Their main product push will be a battery pack leasing program but with a twist.  Each pack and module will be able to communicate its status back to Fenix Power when any issues might arise. This will allow Fenix Power to reset the module or schedule a replacement of the module with a local (to the customer) contractor to maintain capacity and range.  If needed, a module can isolate the bad cell while still maintaining the correct voltage.

I was able to talk with John about Fenix Power's vision and a lot of it is currently NDA as one would expect.  It is a very different approach from other battery leasing programs offered by Nissan and its partners in that the capacity is maintained. Now I know the first statement is "how can that be done?" since a well balanced pack will degrade evenly requiring all the cells to be replaced to regain any lost capacity and yeah, that is true in the current LEAF (and other EV) packs but Fenix Power will employ a pack with a module design where each individual module can self regulate to ensure it provides the proper level of support to overall pack demands.

Disadvantages

I will start with the bad since it is a much shorter list.  The logic of leasing needs to have the realization that you will want to stay with your car for an extended period of time and be happy with the range it has.  Like all leases, there is a startup cost and a termination cost.  Without any time limits we need to understand that monthly rates can and will rise. This is the normal way of things. Normal leases guarantees you a monthly rate for the 2 or 3 years of the lease, a luxury that is not present here.  As time goes on, maybe a renewable lease term will be instituted that at least has price stability for 1 or more years.

This also means that if you got your LEAF simply because it was one of the first EVs (first affordable) and want more range, than this is not the solution...yet.


Advantages

First off; People who bought 24 kwh LEAFs did so because the advertised ranges were what they felt would be acceptable. Yes, many bought under the misguided thought they would get 100 miles of range and that did not happen but those were generally the very early adopters. We made sure it was well known (as much as we could) that 100 miles was simply not something to bank on. 

But the rate of degradation is something no one was prepared for. We all knew batteries don't last forever since we all have cellphones but we simply did not connect the two. We also thought public charging buildout would be MUCH better than it turned out to be. IOW, our plan to mitigate our shrinking range was derailed from several fronts.  Fenix Power solves this issue and its cost is MUCH cheaper than

1) Reverting back to gas

2) Buying a new EV (with a pack that will still degrade)

3) Replacing the pack which will also degrade within a year or two.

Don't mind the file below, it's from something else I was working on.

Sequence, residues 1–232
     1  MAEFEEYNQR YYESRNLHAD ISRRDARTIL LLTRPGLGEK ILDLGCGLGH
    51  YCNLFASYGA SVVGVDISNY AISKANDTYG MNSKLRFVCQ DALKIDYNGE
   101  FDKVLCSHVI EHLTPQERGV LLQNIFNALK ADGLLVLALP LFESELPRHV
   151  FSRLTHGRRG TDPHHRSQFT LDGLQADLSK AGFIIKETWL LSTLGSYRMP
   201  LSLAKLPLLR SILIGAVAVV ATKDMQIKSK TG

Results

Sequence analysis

Synergy

Fenix Power's goals are ambitious. VERY ambitious and if they can pull this off, they will at the forefront of a revolution in the EV movement. From Day One, the big knock on EVs is the lack of aftermarket revenue.  The success of their self regulated module will open up HUGE new markets for EVers allowing a flexibility we haven't even dreamed of.   Its not surprising that I actually wrote a very idyllic blog about a very similar scenario years ago. (Have fun looking!)

For more information, visit their website;  https://fenix.systems/leafbattery 

Make sure you click on the FAQ link. This will provide a lot more insight to the company's long term goals. If you are seriously thinking about doing this, right now Fenix Power is taking modest deposits that would cover initial installation costs. 

As always add your question below!


Thursday, October 4, 2018

Sept 2018 Drive Report; Dreams Of A New Warranty Pack Fading Fast!

Fall has arrived which means PUMP UP YOUR TIRE PRESSURES! Remember, they should be set during  the coldest part of the day.  First thing in the morning is best and if you haven't figured it out yet, the TPMS readings on the 2018 LEAF are very accurate.  Realize that as the day warms and you drive, etc. tire pressures will rise and that is OK.  Thinking its OK cause you hit your tire pressure goal after a 75 mile sprint in full Sun IS NOT OK!!

Fall also means cooler weather and a close to the "public charging season" at least for me.  TBH, I kinda like public charging! but only when the weather is good.  I "need" to get out and move around so taking a walk while charging is something I look forward to. Now, I don't lose much weight since its usually a walk to get food but at least the blood is circulating, right! 

All this means my "recent" charging pattern has changed a bit.  Now, I am averaging  2QCs and 2-3 L2 charging sessions a week.  Most of my L2 sessions are still short ones generally done first thing in the morning when I get up on days I work.  My commute is short enough that the 90 mins of charging I get in is enough. The best part is I was able to maintain a reasonable charge level even with heat, Defrost and everything else going since the weather has changed dramatically the past week.